Monday, August 01, 2011


Avon Books
ISBN: 978-0-06-196576-0
August 2011
Historical Romance

London, circa 1848

From the beginning there have been humans born with unusual talents or gifts. Sometimes they have been honored, even venerated. Other times they were feared and persecuted, to be hunted near extinction. Long ago, others, who may or may not have been gifted, banded together to protect them. Today the ancient Fraternitas Aureae Crusis exists in varying strengths. In England, they masquerade as an exclusive London club for gentlemen, the St. James Society. They are the Guardians of the Gifts.

Geoffrey Archard, Lord Bessett, one of the founders of the St. James Society, meets with a Fraternitas member from France who asks for help from the stronger English group. It seems a Gift, a child, is in imminent danger and in need of rescue. Little Giselle Moreau and her English mother are in Brussels at the mercy of the uncle of the widow’s late husband. Viconte de Lezennes, is a thoroughgoing villain; who knows what he plans for the child and her mother?

While Lord Bessett and friends contemplate the rescue, they attend a rare ceremony beneath the St. James Society to induct a new Guardian into the secret brotherhood. By custom, the acolyte enters the temple naked, but this one wears a hooded robe. It soon dawns on the shocked gathering that the robed figure is female!

Though the daughter of a power at the British Home Office, Anaïs de Rohan was largely influenced by her Tuscan great, great grandmother Sofia Josefina Castelli and her Vittorio cousins. For the last ten years, Anaïs spent the summer months in Tuscany being mentored by Geovanni Vittorio. You see, Gifts run in their blood, and Sophia long ago read Anaïs’s fate in the cards. Anaïs is now ready to take her place as a Guardian.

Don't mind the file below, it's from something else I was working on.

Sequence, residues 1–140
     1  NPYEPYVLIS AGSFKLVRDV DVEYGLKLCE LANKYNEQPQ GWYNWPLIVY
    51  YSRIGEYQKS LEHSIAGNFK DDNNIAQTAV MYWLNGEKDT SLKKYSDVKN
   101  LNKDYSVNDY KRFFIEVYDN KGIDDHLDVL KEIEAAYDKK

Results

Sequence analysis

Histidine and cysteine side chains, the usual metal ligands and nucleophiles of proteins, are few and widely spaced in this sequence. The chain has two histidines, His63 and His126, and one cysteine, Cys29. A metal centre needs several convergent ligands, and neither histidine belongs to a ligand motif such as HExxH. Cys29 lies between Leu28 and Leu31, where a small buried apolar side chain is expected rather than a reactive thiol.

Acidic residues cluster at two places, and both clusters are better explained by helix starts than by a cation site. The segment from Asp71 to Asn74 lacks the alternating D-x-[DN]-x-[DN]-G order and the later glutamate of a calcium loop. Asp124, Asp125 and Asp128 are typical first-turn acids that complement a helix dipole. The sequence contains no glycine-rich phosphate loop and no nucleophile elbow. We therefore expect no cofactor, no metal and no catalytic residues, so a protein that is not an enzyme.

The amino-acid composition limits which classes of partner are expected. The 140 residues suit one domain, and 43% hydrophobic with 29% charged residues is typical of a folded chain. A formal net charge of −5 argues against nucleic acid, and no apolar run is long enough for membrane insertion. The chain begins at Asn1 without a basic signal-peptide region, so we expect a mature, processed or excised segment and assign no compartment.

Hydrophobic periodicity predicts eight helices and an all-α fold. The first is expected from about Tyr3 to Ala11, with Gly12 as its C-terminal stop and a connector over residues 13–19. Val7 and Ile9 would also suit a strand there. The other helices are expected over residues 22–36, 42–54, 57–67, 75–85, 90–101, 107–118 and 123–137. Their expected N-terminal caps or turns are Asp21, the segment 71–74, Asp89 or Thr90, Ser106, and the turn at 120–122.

When the shock produced by Anaïs abates somewhat, some consider she might aid in the rescue of little Giselle, and her mother if possible. This is how Anaïs and Lord Bessett come to board ship for Brussels…posing as man and wife.

The above is just a small sample of the exciting and complex plot of THE BRIDE WORE SCARLET. Danger, intrigue, and tension of more than one sort keep the action going at a fast clip. But character development is not neglected. Lord Bessett’s many layers are revealed as the story progresses. We come to know Anaïs more quickly, first as a child in the prologue, then as a woman trained in self-defense—among other arts—in the first chapters. One can only wonder if defense of her heart is as well developed.

The St. James Society was introduced in Ms. Carlyle’s previous novel, ONE TOUCH OF SCANDAL, as were several of the supporting cast. Of note are other members of the Fraternitas, including that earlier book’s hero, the Marquess of Ruthveyn, and heroine, Grace Gauthier; Ruthveyn’s sister, Lady Anisha; and the third founder of the St. James Society, Lord Lazonby. If you haven’t read it yet, I highly recommend both of these fine works to you, then join me in anticipating the next installment, THE BRIDE WORE PEARLS, expected next year.

Jane Bowers

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